Famous literary meals
"Fear and Loathing in Las Vegas" by Hunter S. Thompson
This is it for President Obama.
This is the moment he and his presidency promised to deliver. The fight over the payroll tax cut extension gives Obama a chance — perhaps one, final chance — to elevate the more pinched, listing and frequently uninspired policy agenda he prosecuted from the White House these past three years toward his lofty rhetoric of 2008.
The payroll tax fight provides the president a rare opportunity to pull together so many of the loose threads of his presidency. This is the opportunity for the former law professor to be an educator-in-chief about the growing disparities between those who derived incomes from wealth and those who derive them from work. It is an opportunity to prove that he can stare down and unmask the rump Republican national minority that pretends its House majority represents the public will. It is a chance to prove that Washington’s rigged game need not always result in the spoils of political victory going automatically, or at least disproportionately, to the economically spoiled. This is, in short, a moment for the president to demonstrate the resolve that earned his hopeful believers’ support three years ago, and it comes as he begins asking the electorate for another four-year lease on the Oval Office.
Although presidents should pursue the unpopular but moral, there is no such tradeoff to make here. The payroll tax cut extension is quite popular — though not as popular, mind you, as raising income taxes on the top 1 percent. Winning the payroll tax cut extension will not absolve Obama entirely from extending the Bush tax cuts, but it’s a start. And, whether for the purely cynical purpose of framing his case for reelection or because he now finally “gets it,” his Osawatomie speech earlier this month only represents a real policy and political pivot if he continues moving in this new, middle-class-oriented direction that already has him clawing his way back in the polls.
Although presidents sometimes do the right thing for the wrong reasons, the payroll tax fight offers no such complications. As a Congressional Budget Office study already demonstrated about the 2009 stimulus, which was arguably too small and included too few of the right kinds of tax cuts, the payroll tax cut extension will continue to be truly stimulative. It will go to people who need it the most and will spend the tax savings immediately, in ways that increase the multiplier velocity of money. The payroll tax arguably venerates both Keynesian and supply-side economic principles.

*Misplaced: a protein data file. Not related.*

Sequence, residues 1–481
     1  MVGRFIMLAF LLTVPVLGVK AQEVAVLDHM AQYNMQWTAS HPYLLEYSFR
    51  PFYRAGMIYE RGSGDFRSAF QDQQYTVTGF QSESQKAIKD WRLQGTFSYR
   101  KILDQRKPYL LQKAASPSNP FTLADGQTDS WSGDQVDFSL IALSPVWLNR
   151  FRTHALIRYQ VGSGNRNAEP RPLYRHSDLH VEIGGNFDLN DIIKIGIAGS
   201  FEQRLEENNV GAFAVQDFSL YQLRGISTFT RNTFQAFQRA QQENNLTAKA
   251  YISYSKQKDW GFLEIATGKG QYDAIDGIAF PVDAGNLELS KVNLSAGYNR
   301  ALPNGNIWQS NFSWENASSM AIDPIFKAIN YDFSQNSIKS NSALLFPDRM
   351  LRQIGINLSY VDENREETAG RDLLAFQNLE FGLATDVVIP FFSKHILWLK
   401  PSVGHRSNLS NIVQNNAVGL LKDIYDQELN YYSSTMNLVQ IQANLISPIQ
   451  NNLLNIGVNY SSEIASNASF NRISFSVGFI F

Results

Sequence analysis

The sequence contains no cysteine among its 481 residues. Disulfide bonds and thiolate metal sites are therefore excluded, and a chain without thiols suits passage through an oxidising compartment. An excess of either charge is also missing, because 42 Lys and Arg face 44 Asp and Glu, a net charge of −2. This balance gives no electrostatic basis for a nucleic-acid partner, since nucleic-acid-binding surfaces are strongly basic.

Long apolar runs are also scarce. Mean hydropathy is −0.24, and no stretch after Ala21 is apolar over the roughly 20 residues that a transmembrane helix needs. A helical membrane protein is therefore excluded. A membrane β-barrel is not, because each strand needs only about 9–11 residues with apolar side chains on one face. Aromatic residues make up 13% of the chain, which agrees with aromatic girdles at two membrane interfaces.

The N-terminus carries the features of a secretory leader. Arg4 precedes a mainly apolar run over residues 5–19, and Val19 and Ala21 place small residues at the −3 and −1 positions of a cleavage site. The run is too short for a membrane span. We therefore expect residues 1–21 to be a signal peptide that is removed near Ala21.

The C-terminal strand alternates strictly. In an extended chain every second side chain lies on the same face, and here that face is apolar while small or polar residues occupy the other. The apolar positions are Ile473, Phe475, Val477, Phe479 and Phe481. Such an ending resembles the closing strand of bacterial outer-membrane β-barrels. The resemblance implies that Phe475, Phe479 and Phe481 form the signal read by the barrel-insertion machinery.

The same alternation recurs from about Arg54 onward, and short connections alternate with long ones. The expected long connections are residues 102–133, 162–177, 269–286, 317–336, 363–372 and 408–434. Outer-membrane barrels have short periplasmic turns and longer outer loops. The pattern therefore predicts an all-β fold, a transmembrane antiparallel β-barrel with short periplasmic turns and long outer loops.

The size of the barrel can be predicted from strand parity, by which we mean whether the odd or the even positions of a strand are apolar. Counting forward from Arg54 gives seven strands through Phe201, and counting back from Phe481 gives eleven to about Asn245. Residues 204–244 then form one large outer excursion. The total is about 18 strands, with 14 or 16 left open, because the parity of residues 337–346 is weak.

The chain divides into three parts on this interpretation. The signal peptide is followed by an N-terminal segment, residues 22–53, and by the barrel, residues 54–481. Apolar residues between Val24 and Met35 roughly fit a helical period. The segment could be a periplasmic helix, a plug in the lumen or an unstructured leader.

Although presidents cannot solely represent their party’s interests, behaving chiefly as a partisan-in-chief on this issue is no obstacle here, either. The payroll tax can unify Democrats, and Obama has already received ample and, in some cases, even unsolicited partisan cover from Republicans such as Scott Brown and Dick Lugar on Capitol Hill. As Obama noted in his press statement from the White House this afternoon, most Republican senators and leaders of both parties from both houses support the two-month, temporary extension. Obama can roar now that this will be a nonpartisan (at least bipartisan) achievement — and then boast later in whispered tones that it’s really a big win for the donkeys.
Although presidents risk looking petty when targeting opponents by name, this is not a political situation where fingering them squarely will backfire. Both parties know the Tea Party wing of the House Republicans, whose radicalism even House Speaker John Boehner is unable to understand, no less control, is blocking a two-month payroll tax cut extension in order to exact unrelated concessions. So why did he conclude his press briefing Tuesday with plaintive entreaties not to “play brinksmanship” games? To win in politics, sometimes politicians must call their enemies out, and be willing to go to the brink themselves by pointing a finger of blame squarely at those who deserve scorn. Calling out John Boehner is a good start, but the president should go a step further and call out the GOP’s Tea Party wing.
Obama’s presidency was supposed to restore some balance to the perverse economic and political power imbalance between the wealthy and the working. His was supposed to be the presidency that would change the way Washington’s political rules and rulers operated. His was supposed to be the presidency that corrected the nation’s economic course. His was supposed to be the presidency that brought together “Democrats, independents and even some Republicans.” His was supposed to be the presidency of hope, the presidency of change.
Well, here’s his big chance to deliver. He shouldn’t let congressional Republicans go home for Christmas without a victory on the payroll tax cut extension. He can’t let their stalling tactics break him. He should call out the radical House Republicans by name, welcome their hatred, and direct Americans’ ire right back at them. Occupy the Capitol, if he must. Because this is not just the fight of his presidency — it could very well be the fight for his presidency.
Thomas F. Schaller is professor of political science at the University of Maryland, Baltimore County and the author of "Whistling Past Dixie: How Democrats Can Win Without the South." Follow him @schaller67.More Thomas Schaller.
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